Is Getting Your Own Food Cheaper, Part 5

As I’ve tried to expand my sustainability horizons over the past 4 years, I discovered hunting.  I’d always been interested in hunting and curious (as well as unsure) about wether or not I could ever participate.  Hunters often get a bad rap, but it’s not wholly undeserved.  I hunt so that I can get a sustainable, organic source of meat  for the winter and summer months in the fall.  The places where I typically hunt I get tags that are designed to control the local population of the animal I’m out hunting, so not only am I getting some stuff for the freezer, but I’m also doing the land a favor by slowing down the heavy grazing going on.

I’ve written about this multiple times before, talking about the total cost of my Halibut fishing, my Elk Hunt, my duck hunt, and my blue grouse hunt.  Oddly enough, the first hunt that I ever went on for antelope has not gotten a cost analysis yet.  I didnt get to go this year, and I didnt buy a tag in time last year.  I always like to see the cost breakdown and figure out how much meat I got per pound.  For just about every hunt, I seem to be landing all over the map as far as cost goes, coming in near $5 per pound on the elk side, and upwards of $28 dollars per pound for duck.  Of course, this is slightly skewed, because it’s not all lower quality meats like ground elk or elk sausage, there’s also steak cuts and tenderloin cuts.

Next on the list for this time is deer.  I’ve been wanting to go hunt deer for a while, and there is a huge deer population in northern wyoming (both white tail deer and mule deer).  So much so that the landowners in the area where we hunt (Ucross, WY) call the game warden to send hunters to their place so they can thin the herd a bit.  The deer eat all the hay that the landowners have stored for the winter for their sheep or cattle, which annoys the landowners.

For this deer hunting trip, it was me, my father in law, the friend that took me duck hunting a while back.

Here are the costs of my deer hunting trip:

  • Deer tags $60.  This year, I got two deer tags.  I had initially only planned on buying one, but after talking to the landowners when we got there, I decided that if I harvested one early enough I’d go into town and buy another one.  My other buddy decided the same thing, and that’s what we ended up doing
  • Gas/Lodging $68.  This trip basically required a 1 night stay, and 2 tanks of gas.  My father in law paid for the room, and I bought one of the tanks of gas and my buddy bought the other.  The cost of all three was roughly equal
  • Food/drinks $30.  Though I brought snacks with me for in the car on the way up and back, I still paid for a fair amount of meals (3).  The food situation was a bit thin at the house before I left, so I couldnt really pack as much of my own food as I wanted.

Unlike all of my other hunts, I was able to offset the costs of this hunt.  After talking to the rancher about the number of deer and a friend, I offered to “sell” my second deer to my friend for $25 (basically the cost of the tag).  He agreed (I’m not sure if he thought I was joking or not), and this was the main reason I got the second tag.  Since I knew I could most likely get one and I had something to do with the meat, it didnt seem like that much of a risk.  I texted my friend when we left and told him to find a processor for the animal and that he could come pick it up the next day and he was shocked.  He ended up giving me $30, which I wasnt going to complain about.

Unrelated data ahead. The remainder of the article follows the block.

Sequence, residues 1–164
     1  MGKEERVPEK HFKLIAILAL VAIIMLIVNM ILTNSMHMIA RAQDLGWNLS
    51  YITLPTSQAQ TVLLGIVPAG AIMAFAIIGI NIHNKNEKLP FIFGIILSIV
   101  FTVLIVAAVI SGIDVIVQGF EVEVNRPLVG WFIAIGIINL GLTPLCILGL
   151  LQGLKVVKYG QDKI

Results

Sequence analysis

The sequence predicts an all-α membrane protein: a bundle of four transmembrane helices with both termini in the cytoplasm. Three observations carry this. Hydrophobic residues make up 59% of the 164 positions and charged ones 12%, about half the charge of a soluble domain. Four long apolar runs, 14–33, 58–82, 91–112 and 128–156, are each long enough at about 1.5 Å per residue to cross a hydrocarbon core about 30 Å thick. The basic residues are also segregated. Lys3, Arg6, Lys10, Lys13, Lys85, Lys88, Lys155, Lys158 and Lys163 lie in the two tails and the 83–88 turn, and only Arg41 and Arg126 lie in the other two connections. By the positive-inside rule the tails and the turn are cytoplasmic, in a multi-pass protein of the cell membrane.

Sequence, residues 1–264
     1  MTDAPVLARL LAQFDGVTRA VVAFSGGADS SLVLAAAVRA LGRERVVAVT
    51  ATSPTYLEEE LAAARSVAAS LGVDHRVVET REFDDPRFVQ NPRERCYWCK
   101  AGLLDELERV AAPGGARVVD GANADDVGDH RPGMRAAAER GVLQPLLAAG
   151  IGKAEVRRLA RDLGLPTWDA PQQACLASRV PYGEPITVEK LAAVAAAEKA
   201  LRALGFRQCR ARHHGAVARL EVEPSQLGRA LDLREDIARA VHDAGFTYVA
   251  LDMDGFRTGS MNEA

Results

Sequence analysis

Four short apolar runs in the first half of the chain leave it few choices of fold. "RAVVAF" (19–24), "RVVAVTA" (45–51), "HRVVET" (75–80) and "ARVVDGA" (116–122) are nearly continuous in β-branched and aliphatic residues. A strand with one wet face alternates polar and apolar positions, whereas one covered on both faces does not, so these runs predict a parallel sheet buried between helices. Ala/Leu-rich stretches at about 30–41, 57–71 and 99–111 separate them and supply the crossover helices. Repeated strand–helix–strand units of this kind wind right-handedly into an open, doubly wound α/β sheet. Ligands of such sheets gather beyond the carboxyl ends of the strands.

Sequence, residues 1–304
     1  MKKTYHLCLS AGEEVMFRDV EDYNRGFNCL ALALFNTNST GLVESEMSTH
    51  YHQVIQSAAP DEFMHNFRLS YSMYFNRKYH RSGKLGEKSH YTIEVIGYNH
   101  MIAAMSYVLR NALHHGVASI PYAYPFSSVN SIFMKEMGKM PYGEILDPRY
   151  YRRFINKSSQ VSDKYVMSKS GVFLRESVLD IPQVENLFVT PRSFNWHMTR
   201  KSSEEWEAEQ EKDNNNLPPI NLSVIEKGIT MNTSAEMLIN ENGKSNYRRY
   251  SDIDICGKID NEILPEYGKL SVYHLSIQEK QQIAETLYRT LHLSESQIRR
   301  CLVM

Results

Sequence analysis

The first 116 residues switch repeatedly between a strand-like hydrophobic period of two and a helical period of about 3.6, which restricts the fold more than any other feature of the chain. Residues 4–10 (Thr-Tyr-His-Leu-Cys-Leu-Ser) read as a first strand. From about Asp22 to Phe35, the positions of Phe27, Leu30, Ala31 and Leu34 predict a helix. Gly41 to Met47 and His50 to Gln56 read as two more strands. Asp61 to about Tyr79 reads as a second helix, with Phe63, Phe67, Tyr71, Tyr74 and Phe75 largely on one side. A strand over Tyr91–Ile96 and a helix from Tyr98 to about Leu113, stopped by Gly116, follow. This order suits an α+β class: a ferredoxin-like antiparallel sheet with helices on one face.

The total cost for the trip was $128, and I ended up with 1 white tail deer. I process the meat myself, and though I’m not finished with it yet, I’ll end up with about 25 lbs of meat when everything is said and done.  This puts the cost per pound of meat at about $5.12, which is slightly less than what I paid for elk (though it would have been higher had I not had to go out for elk like 9 times).  Of course, this is not all steak quality meat, but I would say about 33% of it is.  This will be a nice addition to the winter rotation, and I’ll probably end up giving some away as well.

Readers: Do you think the price for game meat is reasonable?  Do you know someone that hunts, or are you involved in a roadkill program in your state (where they take animals that got hit and give away the meat)?  

 

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4 thoughts on “Is Getting Your Own Food Cheaper, Part 5

  1. I don’t know that last time I had deer meat. Growing up I had the chance to eat it all the time. Deer would practically be in my front yard. Seems you have to do a lot to get to the game you are hunting. Are there no deer where you live? Or at least close by so you can just go out and come back?

    Im not much with the road kill program.

  2. My brother hunts, and for him, the experience is worth every penny. He really wants to get into the game bird seasons this year, and that’s a whole other ballgame. More cash to shel out, but even more enjoyable for him.

  3. I can’t tell you how hard it was for me to get through this post, because I have never been a fan of hunting; that said, I do love eating pork and beef products, so I realize it’s somewhat hypocritical. Anyway, my brothers-in-law both hunt, but more for sport than for sustenance – I’m glad you participate in it for the latter reason, rather than the former!

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